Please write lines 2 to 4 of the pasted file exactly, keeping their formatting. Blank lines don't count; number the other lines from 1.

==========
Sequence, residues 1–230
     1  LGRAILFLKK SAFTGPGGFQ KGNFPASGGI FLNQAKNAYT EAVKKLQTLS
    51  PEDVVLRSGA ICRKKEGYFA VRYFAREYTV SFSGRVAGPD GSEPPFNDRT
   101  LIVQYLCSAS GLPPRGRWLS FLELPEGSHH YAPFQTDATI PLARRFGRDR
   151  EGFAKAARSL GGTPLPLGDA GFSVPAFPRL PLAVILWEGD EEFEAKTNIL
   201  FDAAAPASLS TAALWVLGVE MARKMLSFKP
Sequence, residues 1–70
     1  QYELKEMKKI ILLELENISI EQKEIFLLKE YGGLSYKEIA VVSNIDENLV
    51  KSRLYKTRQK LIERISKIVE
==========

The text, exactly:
     1  LGRAILFLKK SAFTGPGGFQ KGNFPASGGI FLNQAKNAYT EAVKKLQTLS
    51  PEDVVLRSGA ICRKKEGYFA VRYFAREYTV SFSGRVAGPD GSEPPFNDRT
   101  LIVQYLCSAS GLPPRGRWLS FLELPEGSHH YAPFQTDATI PLARRFGRDR